How Branded Content is Changing Journalism

It goes without saying – in the 2015 media landscape, content is king. The days when an entire country was reading just a handful of publications to get their news and entertainment are gone. Now, in addition to skimming the investigative long form story on the New York Times homepage, consumers are flitting through interactive quizzes on Buzzfeed and the latest viral video from Coca-Cola posted on Facebook. The line is blurred – popular content no longer just originates from the journalism school grad. It can come from anyone.

The fact that brands can, and are, some of the world’s most prolific content creators isn’t exactly new. Brands have always been associating themselves with the mass media in an effort to ingratiate themselves with a target demographic. Proctor and Gamble for example was the inventor of the radio soap opera back in the 1930s, in an effort to subconsciously reach the bored housewife – a partnership that extended up until the cancellation of As The World Turns in 2009, the last P&G sponsored soap.

But with the advent of the internet it has become easier than ever for brands to start producing their own content. From native advertising to thought leadership there is a content marketing solution for every company depending on how much time and creativity they are willing to expel in the name of ingratiating themselves with consumers.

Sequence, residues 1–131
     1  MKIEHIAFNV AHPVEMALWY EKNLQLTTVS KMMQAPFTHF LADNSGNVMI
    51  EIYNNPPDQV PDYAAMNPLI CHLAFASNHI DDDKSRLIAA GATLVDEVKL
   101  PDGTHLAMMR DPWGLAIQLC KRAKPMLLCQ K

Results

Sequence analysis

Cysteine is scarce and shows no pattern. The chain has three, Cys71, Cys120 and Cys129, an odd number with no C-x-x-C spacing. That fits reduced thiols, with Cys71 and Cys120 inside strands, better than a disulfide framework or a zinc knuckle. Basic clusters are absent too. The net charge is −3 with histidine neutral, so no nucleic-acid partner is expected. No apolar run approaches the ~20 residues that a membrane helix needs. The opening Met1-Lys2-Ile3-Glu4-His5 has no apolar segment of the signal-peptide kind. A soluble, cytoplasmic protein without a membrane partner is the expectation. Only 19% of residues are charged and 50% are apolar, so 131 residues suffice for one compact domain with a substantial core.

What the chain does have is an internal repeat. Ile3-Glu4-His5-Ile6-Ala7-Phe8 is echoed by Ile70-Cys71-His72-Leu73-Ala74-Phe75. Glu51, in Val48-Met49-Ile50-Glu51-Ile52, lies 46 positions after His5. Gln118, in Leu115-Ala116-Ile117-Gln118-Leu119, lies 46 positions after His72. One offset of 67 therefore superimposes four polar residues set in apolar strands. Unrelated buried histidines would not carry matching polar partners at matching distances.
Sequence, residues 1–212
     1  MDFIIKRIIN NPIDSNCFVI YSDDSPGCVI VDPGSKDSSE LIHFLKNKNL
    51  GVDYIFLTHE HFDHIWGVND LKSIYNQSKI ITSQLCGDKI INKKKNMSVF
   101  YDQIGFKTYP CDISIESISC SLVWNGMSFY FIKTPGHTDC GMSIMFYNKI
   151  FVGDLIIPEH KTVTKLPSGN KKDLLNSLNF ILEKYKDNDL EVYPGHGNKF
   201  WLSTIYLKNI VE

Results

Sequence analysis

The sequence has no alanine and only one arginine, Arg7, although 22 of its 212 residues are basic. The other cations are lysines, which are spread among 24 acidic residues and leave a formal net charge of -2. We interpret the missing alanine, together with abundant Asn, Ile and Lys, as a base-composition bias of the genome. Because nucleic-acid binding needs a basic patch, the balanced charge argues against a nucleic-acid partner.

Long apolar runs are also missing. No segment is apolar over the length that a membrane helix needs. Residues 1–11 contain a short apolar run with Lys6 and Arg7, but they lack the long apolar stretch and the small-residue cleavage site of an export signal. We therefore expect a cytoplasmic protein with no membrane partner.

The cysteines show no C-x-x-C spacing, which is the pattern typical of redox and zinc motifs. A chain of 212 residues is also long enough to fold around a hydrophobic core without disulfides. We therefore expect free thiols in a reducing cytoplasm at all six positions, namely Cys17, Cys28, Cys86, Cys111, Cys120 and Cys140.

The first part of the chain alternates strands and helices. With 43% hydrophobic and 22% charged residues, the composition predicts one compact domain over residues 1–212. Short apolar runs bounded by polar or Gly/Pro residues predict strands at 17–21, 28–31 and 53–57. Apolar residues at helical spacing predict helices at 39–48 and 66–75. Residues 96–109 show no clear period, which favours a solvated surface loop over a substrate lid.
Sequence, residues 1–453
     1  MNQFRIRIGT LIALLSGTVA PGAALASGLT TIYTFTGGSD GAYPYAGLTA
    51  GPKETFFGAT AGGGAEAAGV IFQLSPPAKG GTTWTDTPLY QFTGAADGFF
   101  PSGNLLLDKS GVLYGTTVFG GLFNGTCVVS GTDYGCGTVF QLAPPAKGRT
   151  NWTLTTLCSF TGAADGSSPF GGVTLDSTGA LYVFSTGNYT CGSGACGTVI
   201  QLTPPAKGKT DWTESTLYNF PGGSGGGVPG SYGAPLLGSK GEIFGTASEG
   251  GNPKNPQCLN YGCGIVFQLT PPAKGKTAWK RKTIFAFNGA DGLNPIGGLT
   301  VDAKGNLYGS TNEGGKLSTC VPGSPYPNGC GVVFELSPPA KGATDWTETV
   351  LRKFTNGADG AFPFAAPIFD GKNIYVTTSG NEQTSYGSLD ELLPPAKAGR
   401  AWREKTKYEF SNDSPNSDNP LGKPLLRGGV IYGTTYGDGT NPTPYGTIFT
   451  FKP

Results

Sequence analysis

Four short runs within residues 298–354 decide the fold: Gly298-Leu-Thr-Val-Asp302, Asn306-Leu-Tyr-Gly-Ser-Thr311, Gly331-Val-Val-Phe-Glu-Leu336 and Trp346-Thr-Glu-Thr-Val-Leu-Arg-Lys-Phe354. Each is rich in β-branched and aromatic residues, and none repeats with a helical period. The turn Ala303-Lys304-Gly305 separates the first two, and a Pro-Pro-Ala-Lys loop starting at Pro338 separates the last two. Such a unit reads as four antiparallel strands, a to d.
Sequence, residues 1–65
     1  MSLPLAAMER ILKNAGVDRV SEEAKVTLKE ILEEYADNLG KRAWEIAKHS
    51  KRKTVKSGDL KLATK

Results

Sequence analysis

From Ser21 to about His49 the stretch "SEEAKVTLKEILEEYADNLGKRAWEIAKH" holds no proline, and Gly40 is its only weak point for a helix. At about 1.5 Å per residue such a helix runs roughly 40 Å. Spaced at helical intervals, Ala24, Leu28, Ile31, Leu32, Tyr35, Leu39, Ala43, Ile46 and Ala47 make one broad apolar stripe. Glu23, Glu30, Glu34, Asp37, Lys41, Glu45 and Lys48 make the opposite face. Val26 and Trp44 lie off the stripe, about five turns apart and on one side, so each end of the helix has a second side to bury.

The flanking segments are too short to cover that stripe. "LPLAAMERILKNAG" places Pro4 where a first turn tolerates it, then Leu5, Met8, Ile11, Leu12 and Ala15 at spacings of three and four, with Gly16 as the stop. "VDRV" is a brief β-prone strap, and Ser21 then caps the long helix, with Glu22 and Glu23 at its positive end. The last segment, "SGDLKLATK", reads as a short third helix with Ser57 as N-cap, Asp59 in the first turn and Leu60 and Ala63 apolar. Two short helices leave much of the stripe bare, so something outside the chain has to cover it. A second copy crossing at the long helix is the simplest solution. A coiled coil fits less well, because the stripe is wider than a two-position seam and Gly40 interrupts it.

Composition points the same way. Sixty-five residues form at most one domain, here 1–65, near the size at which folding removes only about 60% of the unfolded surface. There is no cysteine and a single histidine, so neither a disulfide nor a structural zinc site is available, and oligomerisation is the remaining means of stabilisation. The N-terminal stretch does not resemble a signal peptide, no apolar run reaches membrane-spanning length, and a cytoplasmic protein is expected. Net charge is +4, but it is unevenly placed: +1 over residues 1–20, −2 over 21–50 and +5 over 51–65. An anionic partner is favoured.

This proliferation of branded content has made the public relation professional’s role of capturing native coverage all the more critical for brands. With publications turning to branded content to bolster their digital revenues, and brands jumping on the opportunity to publish their own content on widely recognized platforms, the space for organic coverage of exciting new companies shrinks. After all, why would a journalist write about you for free when his publication can get paid for you to write about yourself?

This is where public relations matters more than ever – media relations professionals are able to leverage relationships and build story angles that journalists will deem worthy of organic coverage. Simultaneously, the modern PR-person takes on the responsibility of honing their client’s branded content to be both on-message and engaging to a broader audience. In the same way that companies and publications have brought their distinct realms together through branded content, so too has the PR industry had to adapt beyond media relations. Today’s PR agency houses a team of content creators capable of producing stories that can authentically promote clients within the news trends of the day.

Journalism sure has changed thanks to the continued rise of branded content, but rest assured – the PR world is changing right along side it.

by Tess VandenDolder


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